Torrential rains interrupt students’ daily schedules

On Oct.10, the official start to midterms, the daily high was 61 degrees, six degrees below normal. The highest temperature during the week was only 63 degrees. Along with these cold temperatures, St. John’s was under water for eight days of torrential rains.

Residents of Donovan Hall came to the rescue of their fellow students during the storms.

“We started a gondola service to get across Lake Donovan to retrieve mail from the mail room,” freshman Ben Liss said.

The rain was difficult for many students to cope with as the fall semester had proven to be a hard one to jumpstart because of the weather, which had been warm and pleasant in New York during the first several weeks.

“The extended summer weather made me less excited about the start of school,” junior Amanda Lenar said. “Growing up, the start of school brought fall weather but not this year.”

Senior Manny Digenakis agreed that the weather made the start of the school year much more difficult.

“I wanted to be on the beach,” Digenakis said.. “I didn’t feel school had started till midterms.”

The rain storms, however, were just as difficult for students to cope with while trying to maintain their regular schedules.

Sandra Garcia, a sophomore from Long Island, said she felt like she was “marooned on an island and asking for help,” as Public Safety vehicles drove by her.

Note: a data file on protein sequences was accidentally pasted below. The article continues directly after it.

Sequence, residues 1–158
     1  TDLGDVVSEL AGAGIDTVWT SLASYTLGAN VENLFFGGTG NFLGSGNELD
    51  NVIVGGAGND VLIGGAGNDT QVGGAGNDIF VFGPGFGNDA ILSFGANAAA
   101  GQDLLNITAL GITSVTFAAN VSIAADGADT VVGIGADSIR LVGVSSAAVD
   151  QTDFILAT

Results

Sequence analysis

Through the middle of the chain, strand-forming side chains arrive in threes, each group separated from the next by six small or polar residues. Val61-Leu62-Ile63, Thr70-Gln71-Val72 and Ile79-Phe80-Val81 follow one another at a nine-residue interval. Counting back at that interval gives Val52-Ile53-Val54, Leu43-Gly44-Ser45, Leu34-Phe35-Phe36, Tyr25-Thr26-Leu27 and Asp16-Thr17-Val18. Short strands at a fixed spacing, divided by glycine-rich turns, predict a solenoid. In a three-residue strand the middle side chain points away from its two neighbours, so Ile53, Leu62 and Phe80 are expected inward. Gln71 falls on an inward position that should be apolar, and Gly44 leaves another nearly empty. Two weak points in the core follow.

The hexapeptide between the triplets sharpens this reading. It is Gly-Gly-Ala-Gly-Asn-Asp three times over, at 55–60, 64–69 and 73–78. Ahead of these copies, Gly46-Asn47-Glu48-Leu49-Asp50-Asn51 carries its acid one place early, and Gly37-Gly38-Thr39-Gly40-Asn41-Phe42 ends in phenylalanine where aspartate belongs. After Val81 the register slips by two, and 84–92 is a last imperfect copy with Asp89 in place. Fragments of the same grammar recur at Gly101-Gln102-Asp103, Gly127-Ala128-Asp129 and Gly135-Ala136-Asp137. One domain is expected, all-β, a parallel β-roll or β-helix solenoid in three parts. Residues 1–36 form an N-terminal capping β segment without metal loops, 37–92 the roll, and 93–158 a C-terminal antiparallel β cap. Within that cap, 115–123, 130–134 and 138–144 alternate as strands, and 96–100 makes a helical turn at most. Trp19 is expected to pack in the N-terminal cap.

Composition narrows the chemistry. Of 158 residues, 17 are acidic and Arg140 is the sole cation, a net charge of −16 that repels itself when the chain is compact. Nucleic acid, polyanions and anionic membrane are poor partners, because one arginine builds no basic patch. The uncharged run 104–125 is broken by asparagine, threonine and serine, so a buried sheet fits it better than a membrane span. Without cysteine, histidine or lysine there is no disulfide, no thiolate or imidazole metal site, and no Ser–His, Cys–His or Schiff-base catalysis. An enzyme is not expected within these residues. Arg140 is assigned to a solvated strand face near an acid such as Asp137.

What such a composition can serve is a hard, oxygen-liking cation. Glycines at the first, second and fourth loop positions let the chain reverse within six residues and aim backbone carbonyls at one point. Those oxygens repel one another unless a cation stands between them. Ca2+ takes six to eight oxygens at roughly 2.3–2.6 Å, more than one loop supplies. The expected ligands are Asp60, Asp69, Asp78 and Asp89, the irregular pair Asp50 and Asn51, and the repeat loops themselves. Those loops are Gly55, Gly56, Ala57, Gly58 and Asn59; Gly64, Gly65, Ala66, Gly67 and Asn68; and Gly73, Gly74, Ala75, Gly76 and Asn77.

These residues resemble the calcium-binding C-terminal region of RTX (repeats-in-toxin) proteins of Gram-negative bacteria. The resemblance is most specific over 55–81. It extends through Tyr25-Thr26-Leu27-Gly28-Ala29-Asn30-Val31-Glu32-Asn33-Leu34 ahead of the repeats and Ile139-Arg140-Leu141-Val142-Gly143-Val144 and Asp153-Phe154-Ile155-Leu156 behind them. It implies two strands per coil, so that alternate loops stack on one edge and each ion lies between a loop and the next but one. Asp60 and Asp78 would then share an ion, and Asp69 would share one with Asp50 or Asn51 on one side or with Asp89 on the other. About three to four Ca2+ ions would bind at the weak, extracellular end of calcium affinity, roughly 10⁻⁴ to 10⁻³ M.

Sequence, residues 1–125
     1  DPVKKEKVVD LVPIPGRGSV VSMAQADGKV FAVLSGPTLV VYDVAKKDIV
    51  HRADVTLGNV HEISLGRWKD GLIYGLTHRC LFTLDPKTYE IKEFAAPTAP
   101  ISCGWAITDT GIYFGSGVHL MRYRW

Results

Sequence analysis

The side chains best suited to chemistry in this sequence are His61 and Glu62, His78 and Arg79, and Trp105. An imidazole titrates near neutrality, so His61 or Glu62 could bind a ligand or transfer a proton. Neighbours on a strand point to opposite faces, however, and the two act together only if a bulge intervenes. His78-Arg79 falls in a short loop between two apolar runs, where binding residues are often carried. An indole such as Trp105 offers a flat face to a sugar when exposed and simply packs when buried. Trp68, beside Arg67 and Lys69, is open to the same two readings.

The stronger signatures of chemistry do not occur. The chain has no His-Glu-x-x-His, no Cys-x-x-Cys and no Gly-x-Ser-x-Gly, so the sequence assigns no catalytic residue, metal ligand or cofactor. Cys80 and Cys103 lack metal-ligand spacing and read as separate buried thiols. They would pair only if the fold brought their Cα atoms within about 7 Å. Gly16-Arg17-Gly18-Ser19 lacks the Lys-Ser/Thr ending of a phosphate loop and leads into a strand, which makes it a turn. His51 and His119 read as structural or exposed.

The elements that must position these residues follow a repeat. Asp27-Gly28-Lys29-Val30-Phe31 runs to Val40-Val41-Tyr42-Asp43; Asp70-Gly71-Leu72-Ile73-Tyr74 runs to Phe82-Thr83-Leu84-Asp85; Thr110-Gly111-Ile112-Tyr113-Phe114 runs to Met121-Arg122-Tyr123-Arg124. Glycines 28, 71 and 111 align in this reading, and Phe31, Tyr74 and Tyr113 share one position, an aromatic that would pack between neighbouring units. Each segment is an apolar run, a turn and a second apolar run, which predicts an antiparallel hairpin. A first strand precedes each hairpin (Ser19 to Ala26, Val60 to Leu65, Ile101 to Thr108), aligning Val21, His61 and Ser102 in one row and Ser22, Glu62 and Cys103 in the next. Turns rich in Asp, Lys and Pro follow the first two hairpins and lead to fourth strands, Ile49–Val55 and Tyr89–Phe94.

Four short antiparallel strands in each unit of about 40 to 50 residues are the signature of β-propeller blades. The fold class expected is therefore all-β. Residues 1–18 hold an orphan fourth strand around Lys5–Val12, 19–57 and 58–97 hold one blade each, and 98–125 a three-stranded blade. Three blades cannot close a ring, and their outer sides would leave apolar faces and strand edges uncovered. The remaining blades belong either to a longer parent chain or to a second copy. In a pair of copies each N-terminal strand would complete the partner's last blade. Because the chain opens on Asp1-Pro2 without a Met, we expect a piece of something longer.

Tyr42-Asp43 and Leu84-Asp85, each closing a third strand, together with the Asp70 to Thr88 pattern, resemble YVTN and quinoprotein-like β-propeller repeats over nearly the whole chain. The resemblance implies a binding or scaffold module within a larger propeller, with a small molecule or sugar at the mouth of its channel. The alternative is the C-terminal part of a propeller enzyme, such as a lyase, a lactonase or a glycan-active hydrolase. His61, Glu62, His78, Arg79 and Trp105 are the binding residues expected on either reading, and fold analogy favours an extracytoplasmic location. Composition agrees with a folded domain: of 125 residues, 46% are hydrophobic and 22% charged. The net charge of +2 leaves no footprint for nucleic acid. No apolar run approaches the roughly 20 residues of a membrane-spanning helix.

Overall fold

Between Wednesday and Thursday alone, St. John’s students in Jamaica, Queens faced around five inches of rain.

“I wanted to bring my computer to class but I knew I would have to swim to get there and didn’t want it to get destroyed,” sophomore Lauren Reiss said.

Students at St. John’s were not the only people affected by this random weather. In New York, the Belt Parkway along with the Brooklyn-Queens Expressway and the Long Island Expressway all experienced flooding.

Long Island suffered sporadic flooding, according to an Oct. 16 article in Newsday. Flooding was so bad, Newsday reported, that the basement of late artist Jackson Pollock’s East Hampton home was filled with approximately 18 inches of water on Oct. 15.

The National Weather Service said another cold front will be moving in on Long Island. Students will need to break out their umbrellas once again in preparation of the next bout of bad weather.